“I was telling someone the other day that it would be nice to be able to come home after practice and be able to relax like most of the other girls, but then I’m like, ‘You know what? The alternative, coming home to Gregory, is even better,’” she said.
Becoming a mom has also changed Gano’s perspective on how she plays softball. Gone are the days of dwelling on a bad game; once she’s back with Gregory, everything else fades away.
“After a game that I’m not super happy with, I get to come home and he’s a great reminder of what’s really important,” she said. “It’s made me detach myself from my performance and looking at myself as what my performance is.”
Gano has played softball professionally since 2017, starting her career in the Italian Softball League before returning to the U.S. to play for the Chicago Bandits of National Pro Fastpitch. She was also a member of Team USA from 2018 to 2019, winning a gold medal at the Japan Cup and bronze at the USA International Cup. Because of COVID-19 and giving birth to Gregory, she hadn’t competed at the professional level in well over a year until Season 2 of Athletes Unlimited.
Keeping up with her softball training after becoming a mother was anything but easy. Gaddy was playing basketball overseas with Promitheas Patras of the Greek Basket League, and Gano was working on her Master’s in Business Administration. She and Gregory spent seven weeks in Greece with Gaddy last fall, where Gano would do homework with her classmates at 4 a.m.
“I was like, ‘Just do it and it’ll all work out, it’ll be fine. Sleep? I’ll figure it out,’” she said. “It was a little bit of a juggle.”
What helped her stay on track to play professionally again was her University of Washington family. The Husky blood runs deep, and head coach Heather Tarr did everything she could to make sure Gano had the opportunity to continue her training.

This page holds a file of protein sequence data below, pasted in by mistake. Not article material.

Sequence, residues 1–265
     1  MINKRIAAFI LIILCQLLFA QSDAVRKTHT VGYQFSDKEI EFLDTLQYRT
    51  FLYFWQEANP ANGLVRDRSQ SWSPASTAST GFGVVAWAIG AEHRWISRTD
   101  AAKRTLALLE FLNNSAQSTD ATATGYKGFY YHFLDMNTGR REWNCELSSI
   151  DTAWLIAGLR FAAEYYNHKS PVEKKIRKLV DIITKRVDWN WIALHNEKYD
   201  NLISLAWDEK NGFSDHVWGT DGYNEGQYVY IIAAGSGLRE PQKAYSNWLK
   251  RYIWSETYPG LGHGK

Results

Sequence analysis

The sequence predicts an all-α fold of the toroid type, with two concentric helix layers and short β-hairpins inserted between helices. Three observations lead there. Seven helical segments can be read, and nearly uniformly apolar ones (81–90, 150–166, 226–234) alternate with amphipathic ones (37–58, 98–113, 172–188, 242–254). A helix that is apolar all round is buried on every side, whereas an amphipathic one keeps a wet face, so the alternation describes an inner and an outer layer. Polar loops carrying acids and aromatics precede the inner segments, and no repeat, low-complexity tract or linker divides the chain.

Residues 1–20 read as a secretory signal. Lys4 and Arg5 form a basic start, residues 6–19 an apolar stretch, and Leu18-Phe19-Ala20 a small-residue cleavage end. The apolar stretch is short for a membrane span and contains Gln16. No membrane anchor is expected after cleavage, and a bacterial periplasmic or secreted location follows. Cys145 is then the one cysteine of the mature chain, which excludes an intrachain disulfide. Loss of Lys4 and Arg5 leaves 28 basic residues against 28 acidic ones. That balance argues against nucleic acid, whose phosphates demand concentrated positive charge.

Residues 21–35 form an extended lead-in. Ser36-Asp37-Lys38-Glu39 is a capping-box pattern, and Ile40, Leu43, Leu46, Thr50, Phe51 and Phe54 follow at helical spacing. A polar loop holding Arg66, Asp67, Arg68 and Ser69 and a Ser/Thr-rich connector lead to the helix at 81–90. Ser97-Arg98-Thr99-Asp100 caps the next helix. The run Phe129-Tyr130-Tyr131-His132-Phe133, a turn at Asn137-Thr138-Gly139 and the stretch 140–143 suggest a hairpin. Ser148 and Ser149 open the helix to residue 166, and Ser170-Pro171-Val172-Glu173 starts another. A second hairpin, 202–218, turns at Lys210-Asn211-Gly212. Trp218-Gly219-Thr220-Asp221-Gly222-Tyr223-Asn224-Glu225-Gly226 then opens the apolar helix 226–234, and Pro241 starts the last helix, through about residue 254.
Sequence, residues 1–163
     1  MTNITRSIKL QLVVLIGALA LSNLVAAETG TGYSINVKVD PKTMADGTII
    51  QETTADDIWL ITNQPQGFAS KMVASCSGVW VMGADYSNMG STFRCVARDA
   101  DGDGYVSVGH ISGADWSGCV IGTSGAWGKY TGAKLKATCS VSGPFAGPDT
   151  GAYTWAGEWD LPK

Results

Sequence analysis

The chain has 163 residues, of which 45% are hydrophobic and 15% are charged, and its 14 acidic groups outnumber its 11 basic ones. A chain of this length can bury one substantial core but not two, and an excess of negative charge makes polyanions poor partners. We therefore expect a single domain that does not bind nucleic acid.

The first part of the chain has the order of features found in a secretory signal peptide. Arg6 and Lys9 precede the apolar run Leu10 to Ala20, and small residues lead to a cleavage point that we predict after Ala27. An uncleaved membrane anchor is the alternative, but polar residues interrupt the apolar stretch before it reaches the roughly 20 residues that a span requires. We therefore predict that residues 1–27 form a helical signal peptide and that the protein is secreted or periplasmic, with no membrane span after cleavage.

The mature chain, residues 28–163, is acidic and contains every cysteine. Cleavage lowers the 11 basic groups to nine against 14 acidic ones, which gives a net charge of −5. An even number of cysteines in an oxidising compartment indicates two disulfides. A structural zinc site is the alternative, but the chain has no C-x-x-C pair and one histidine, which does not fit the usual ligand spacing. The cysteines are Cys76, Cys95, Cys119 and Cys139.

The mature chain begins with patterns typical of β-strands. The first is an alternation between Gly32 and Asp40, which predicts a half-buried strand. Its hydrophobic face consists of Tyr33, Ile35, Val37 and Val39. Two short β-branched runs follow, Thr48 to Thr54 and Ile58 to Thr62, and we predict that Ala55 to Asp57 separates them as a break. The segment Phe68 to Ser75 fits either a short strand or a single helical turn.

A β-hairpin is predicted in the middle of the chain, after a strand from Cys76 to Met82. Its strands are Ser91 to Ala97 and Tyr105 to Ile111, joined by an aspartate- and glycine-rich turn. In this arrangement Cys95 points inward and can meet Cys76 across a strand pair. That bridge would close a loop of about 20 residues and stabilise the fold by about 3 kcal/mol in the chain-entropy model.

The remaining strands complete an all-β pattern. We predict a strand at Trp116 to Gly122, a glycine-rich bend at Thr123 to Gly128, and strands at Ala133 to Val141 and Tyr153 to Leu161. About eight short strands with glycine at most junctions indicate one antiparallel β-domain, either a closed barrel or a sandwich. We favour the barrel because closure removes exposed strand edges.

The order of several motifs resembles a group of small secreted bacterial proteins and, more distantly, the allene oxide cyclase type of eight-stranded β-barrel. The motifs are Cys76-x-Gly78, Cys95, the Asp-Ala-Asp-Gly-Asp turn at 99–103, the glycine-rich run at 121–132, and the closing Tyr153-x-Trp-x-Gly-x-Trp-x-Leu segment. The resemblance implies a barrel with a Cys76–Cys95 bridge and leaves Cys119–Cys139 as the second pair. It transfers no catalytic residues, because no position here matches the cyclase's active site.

“Coach Tarr was super supportive,” Gano said. “I got to go practice with them a few times. One time Sis Bates was there and she wasn’t practicing that day, and she watched Gregory the entire practice. So, it’s like, those are the things that are really cool to see. When you hear ‘It takes a village,’ it really does, and I got to experience that firsthand.”
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The village grew even more when Gano arrived at Parkway Bank Sports Complex for Athletes Unlimited. She was suddenly surrounded by 60 other athletes who would do anything to help her and Gregory.
“The girls, they come over every single day,” she said. “There are, like, three girls that come by every day and will watch him while I shower, or just spend time with him. Those are the things where like, I don’t care about how I do here, honestly. It’d be great to perform really well, but what I’m taking from this is the love that was shared this entire time. That’s been the most meaningful.”
Being a new mom and a professional athlete is a balancing act, and Gano has learned a lot in the last 14 months. Her message to other moms is simple: you’re doing great.
“As long as we’re doing our best, we’re doing a great job,” she said. “I say that this is the hardest easiest job in the world. It is so hard, but it’s so easy when it gives you this much purpose.”
To Gano, it is the culture of love and support at Athletes Unlimited that has made her return to professional softball so feasible. She feels comfortable pumping wherever she needs to, bringing Gregory into the locker room and taking him onto the field with her during pregame. No matter what she has to do, she knows that the athletes and staff will support her in any way they can.
“We’re kind of conditioned to think that once you have kids, life completely changes – which it does, but it doesn’t mean that we can’t have things for ourselves. We need to make sure that we’re filling our own bucket and being around people who support us,” she said. “There are definitely communities and places that you can be that help you thrive, and [Athletes Unlimited] is one of them.”
The final weekend of Season 2 is quickly approaching, but this is not the end of Gano’s incredible community at Athletes Unlimited. Regardless of where she finishes on the leaderboard, she’ll leave Rosemont with something much more valuable than a medal: 60 women who will have her back—and Gregory’s—for life.
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